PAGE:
Album of the Week: 1969: The Velvet Underground Live

I’m not always a fan of live albums, depending on the talent or passion of the artists a lot can be lost from studio to stage. Even with a band as great as the Velvet Underground, a few of their best songs just don’t translate outside of the studio, like Lady Godiva’s Operation. Overall though, The Velvet Underground and later Lou Reed in his solo work have great presence and passion, and I generally prefer most of their live work to their albums. Heroin especially thrives on this album, truly besting the version that can be found on The Velvet Underground & Nico (1967).

Also worth noting is that, starting September 25th, the Montreal Museum of Fine Arts will be opening their exihibition on Andy Warhol entitled “Music and dance in Andy Warhol’s work“. I’m a huge fan of his work, and will probably see this within it’s first week, in spite of the potential crowds. His famous portraits will be included, as well as album art, illustrations, etc. Some of his films will also be featured, including his screen tests of the Velvet Underground.  It’s easy to forget Warhol’s play in the complete freedom that he allowed the young New York artists who became the Velvet Underground, as well as his introduction of Nico to the band. I wouldn’t rule out Chelsea Girls being an album of the week in the future.

Album (s) of the Week

It’s almost an understatement to call this the album(s) of the week, as it’s probably my favourite album all around. I never get tired of Baez’s voice, and the simplicity of her using just a single guitar. There is a song for every mood, from folk to contemporary. Decades after they were released, theys still pack an emotional and political punch. It’s difficult not to be inspired by her renditions  of protests songs like “What Have They Done to the Rain”, or moved to tears by beautiful traditional ballads like “Matty Groves” (my favourite track, unfortunately unavailable on youtube).

In place of Matty Groves, here is my second favourite off the double album, “Babe I’m Gonna Leave You“. Led Zeppelin’s version may be more famous, but it can’t hold a candle to Baez’s.

On the Town (Donen & Kelly, 1949)

I love a good old fashioned musical, and while On the Town is far from one of the best, it still packs a punch. Having seen both Kelly’s and Donen’s later work, like Singin’ in the Rain and An American in Paris, this feels like an exercise. The film feels like a model of An American in Paris, the same simple story, the same affectionate portrayal of a city, and the same extended ballet sequence. They all pale in comparison to the later work, but that does not diminish the quality and energy of the performers.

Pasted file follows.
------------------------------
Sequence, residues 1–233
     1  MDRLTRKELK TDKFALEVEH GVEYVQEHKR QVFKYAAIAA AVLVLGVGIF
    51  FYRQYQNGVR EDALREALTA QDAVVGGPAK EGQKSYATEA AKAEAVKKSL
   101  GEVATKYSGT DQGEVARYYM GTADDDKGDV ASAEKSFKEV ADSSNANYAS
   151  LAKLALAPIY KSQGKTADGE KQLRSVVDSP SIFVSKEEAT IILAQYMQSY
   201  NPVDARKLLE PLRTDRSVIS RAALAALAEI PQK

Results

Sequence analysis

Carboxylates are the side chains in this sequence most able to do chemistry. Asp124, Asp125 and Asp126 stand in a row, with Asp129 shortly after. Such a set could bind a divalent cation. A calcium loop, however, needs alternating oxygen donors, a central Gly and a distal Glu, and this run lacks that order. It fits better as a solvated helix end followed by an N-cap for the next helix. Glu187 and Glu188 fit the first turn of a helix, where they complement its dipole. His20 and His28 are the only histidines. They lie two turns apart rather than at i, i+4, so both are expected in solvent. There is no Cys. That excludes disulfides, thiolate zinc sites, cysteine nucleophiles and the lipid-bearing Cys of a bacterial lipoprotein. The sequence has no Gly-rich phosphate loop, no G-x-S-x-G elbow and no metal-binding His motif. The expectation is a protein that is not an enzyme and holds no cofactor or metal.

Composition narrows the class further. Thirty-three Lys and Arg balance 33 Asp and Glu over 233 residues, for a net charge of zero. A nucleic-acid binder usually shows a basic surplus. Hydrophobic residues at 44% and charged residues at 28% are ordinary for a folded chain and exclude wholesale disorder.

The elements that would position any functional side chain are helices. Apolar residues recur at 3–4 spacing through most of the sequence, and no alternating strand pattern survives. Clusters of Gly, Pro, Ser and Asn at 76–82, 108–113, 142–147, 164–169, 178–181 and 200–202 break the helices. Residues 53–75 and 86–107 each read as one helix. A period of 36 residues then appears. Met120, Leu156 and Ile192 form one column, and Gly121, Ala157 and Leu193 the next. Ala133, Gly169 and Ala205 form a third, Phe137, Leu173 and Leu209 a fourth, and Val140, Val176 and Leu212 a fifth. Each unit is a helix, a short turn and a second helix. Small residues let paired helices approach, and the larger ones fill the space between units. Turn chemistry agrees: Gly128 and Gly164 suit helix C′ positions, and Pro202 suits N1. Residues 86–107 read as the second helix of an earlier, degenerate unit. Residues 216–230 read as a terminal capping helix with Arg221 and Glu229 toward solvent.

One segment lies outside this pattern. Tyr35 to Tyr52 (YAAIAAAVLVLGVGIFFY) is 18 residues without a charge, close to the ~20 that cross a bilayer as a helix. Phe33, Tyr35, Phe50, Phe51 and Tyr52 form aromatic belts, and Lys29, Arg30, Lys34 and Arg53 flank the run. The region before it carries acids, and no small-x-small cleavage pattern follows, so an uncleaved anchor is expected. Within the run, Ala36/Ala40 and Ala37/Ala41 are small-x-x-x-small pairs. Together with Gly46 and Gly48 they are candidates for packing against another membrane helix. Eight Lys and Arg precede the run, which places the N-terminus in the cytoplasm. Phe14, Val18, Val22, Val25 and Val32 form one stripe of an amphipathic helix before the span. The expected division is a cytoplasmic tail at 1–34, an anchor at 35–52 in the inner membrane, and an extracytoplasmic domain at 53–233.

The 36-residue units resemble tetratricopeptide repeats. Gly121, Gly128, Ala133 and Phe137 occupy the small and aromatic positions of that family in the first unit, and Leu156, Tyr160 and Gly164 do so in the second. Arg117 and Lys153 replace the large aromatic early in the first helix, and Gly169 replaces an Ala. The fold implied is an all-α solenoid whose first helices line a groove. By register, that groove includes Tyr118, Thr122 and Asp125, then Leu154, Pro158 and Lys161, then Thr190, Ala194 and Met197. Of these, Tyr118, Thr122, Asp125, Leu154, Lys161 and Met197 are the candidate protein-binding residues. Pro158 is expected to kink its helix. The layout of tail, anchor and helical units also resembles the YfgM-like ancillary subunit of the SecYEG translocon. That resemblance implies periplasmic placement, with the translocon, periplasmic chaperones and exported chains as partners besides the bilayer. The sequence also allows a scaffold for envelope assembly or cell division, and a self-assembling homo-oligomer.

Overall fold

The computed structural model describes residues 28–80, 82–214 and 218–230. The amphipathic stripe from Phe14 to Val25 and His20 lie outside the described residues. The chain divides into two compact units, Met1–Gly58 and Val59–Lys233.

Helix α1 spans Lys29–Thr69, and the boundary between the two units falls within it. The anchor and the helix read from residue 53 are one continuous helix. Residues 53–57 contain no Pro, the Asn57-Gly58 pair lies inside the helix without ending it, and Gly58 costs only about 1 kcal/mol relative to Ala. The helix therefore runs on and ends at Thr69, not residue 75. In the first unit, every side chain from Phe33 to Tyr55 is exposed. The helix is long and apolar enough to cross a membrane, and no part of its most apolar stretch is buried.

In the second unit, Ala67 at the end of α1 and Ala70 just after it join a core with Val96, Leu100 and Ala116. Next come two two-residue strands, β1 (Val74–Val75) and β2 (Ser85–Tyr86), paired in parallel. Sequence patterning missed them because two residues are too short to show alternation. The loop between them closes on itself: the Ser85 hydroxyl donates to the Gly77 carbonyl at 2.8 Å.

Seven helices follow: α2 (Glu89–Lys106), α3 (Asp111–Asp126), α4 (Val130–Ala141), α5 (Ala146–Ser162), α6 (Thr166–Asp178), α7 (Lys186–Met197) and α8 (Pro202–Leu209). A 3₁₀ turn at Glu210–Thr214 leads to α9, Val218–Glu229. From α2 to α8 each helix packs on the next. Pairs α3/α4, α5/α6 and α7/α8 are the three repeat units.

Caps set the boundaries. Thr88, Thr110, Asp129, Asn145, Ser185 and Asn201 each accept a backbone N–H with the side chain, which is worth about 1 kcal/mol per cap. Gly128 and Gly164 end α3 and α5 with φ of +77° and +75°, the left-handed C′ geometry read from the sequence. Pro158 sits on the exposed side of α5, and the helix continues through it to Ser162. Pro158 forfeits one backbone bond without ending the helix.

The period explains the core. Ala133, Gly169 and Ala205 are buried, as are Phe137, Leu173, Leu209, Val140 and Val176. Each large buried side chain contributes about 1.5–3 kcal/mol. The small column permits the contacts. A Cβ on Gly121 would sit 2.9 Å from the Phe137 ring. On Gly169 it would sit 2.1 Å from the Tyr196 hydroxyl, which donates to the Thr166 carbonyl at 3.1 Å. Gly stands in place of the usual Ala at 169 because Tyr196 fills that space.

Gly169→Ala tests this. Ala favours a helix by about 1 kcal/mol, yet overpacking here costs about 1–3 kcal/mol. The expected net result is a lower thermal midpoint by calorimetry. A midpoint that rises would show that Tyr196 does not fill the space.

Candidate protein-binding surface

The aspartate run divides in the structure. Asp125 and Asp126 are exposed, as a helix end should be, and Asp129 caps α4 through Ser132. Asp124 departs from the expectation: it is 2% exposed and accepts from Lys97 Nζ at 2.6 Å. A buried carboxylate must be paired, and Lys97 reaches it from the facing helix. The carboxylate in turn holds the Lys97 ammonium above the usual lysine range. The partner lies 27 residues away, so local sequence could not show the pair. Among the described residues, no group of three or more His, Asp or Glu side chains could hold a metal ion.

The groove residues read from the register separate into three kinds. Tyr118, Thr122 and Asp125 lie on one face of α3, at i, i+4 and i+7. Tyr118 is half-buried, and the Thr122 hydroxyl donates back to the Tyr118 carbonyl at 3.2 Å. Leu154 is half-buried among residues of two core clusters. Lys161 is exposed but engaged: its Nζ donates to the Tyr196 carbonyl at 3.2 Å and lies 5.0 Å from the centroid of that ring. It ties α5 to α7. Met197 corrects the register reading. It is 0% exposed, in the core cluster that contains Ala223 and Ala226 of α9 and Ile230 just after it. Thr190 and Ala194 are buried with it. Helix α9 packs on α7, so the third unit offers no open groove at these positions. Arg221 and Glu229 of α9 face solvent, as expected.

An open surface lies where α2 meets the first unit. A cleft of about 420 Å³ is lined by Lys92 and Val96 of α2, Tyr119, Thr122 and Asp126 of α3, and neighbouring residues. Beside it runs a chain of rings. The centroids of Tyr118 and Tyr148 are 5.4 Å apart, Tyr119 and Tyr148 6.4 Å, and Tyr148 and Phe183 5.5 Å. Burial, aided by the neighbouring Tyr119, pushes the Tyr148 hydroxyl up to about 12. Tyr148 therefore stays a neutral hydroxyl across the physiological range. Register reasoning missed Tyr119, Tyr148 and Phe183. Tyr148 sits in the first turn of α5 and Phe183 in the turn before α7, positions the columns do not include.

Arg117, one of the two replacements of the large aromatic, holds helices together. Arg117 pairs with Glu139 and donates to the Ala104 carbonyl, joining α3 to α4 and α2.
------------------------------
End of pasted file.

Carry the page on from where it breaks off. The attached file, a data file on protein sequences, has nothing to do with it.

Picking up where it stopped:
Though, there is no doubt that Sinatra is a talented singer, he cannot hold his own against Kelly’s magnetism and masculinity. The film is sold because he manages to make a song and dance affair masculine. It’s perhaps his greatest asset as a dancer, and why he edges out Fred Astaire as a favourite dancer among most modern audiences. He’s rippling with muscles, choosing dance moves that highlight his athleticism… he always makes sure to have a good number of pelvic thrusts too, not that I’m paying that close attention… but they’re there, yea. They’re nice.

The music itself, is on the weak side, despite it’s iconic number, “New York, New York“. I did enjoy the “Prehistoric Man” sequence, mostly because of the sexual energy of Ann Miller. I’ve never been particularly fond of her, but she proves here she’s a force to be reckoned with. On the politically correct side, this is the first of many sequences that’s really problematic. I’m usually very forgiving, but this film does push some limits that become irksome. What surprises me more, in my mind, envisioning a remake I don’t see them cutting out any of it… strange way the world works I guess.

The next step in my musical journey will probably be Minnelli’s (a more competent director than Donen) Brigadoon. At the very least it will be opulent and beautiful, one thing that lacked in On the Town. The creativity and adventurousness of making a musical on location is admirable, but as a first entry, it doesn’t quite hit the mark. The melding of magic, reality and technical facets don’t quite work together yet.

More Music: Metric

I’ve been listening to a lot of Metric this past week, one of my favourite current acts, I saw them live last year at Concordia University and it was the most fun I had in a long time. My favourite album of theirs is Live it Out, but they all have their gems.  Their music is positively infectious, they also know how to get a crowd going.  I still need to get around to checking out Emily Haines’ solo work.


Album of the Day

This is more than me just getting lazy, I’m having computer problems and have very limited internet time. Hopefully this will mean a bit more time to watch movies for me, I’m already listening to more music. This kind of entry is short and sweet… so no stress if it doesn’t go through, and it only takes a few minutes a day. I hope you guys don’t mind!

A good friend of mine introduced me to Tegan and Sara over a year ago, but I’ve only recently went back to listen to their music again. It’s nifty-fun, and it doesn’t hurt that they’re Canadian and kinda cute.

Click on the album to go to their MySpace